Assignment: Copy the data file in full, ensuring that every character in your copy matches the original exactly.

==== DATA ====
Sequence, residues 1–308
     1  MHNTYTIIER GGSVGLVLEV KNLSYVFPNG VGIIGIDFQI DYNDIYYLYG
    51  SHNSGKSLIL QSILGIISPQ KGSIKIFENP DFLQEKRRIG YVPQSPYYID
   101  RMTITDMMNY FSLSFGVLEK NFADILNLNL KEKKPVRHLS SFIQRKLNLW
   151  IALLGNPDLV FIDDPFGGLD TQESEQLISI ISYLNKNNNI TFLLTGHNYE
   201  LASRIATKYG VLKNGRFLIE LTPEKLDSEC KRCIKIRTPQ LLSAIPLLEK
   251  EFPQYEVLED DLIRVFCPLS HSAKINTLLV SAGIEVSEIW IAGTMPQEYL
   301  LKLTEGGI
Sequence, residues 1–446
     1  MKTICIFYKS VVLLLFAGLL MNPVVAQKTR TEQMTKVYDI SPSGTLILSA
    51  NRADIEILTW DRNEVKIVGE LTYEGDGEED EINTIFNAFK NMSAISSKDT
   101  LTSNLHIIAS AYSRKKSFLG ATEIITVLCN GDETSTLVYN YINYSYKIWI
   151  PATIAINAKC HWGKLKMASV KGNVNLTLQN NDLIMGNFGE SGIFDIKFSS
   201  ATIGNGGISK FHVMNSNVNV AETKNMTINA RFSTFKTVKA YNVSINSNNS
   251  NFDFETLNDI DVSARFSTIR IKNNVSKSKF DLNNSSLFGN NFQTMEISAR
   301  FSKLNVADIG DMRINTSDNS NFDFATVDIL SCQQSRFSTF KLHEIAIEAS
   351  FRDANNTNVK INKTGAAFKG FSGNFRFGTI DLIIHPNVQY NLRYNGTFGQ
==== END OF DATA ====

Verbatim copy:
Sequence, residues 1–308
     1  MHNTYTIIER GGSVGLVLEV KNLSYVFPNG VGIIGIDFQI DYNDIYYLYG
    51  SHNSGKSLIL QSILGIISPQ KGSIKIFENP DFLQEKRRIG YVPQSPYYID
   101  RMTITDMMNY FSLSFGVLEK NFADILNLNL KEKKPVRHLS SFIQRKLNLW
   151  IALLGNPDLV FIDDPFGGLD TQESEQLISI ISYLNKNNNI TFLLTGHNYE
   201  LASRIATKYG VLKNGRFLIE LTPEKLDSEC KRCIKIRTPQ LLSAIPLLEK
   251  EFPQYEVLED DLIRVFCPLS HSAKINTLLV SAGIEVSEIW IAGTMPQEYL
   301  LKLTEGGI
Sequence, residues 1–446
     1  MKTICIFYKS VVLLLFAGLL MNPVVAQKTR TEQMTKVYDI SPSGTLILSA
    51  NRADIEILTW DRNEVKIVGE LTYEGDGEED EINTIFNAFK NMSAISSKDT
   101  LTSNLHIIAS AYSRKKSFLG ATEIITVLCN GDETSTLVYN YINYSYKIWI
   151  PATIAINAKC HWGKLKMASV KGNVNLTLQN NDLIMGNFGE SGIFDIKFSS
   201  ATIGNGGISK FHVMNSNVNV AETKNMTINA RFSTFKTVKA YNVSINSNNS
   251  NFDFETLNDI DVSARFSTIR IKNNVSKSKF DLNNSSLFGN NFQTMEISAR
   301  FSKLNVADIG DMRINTSDNS NFDFATVDIL SCQQSRFSTF KLHEIAIEAS
   351  FRDANNTNVK INKTGAAFKG FSGNFRFGTI DLIIHPNVQY NLRYNGTFGQ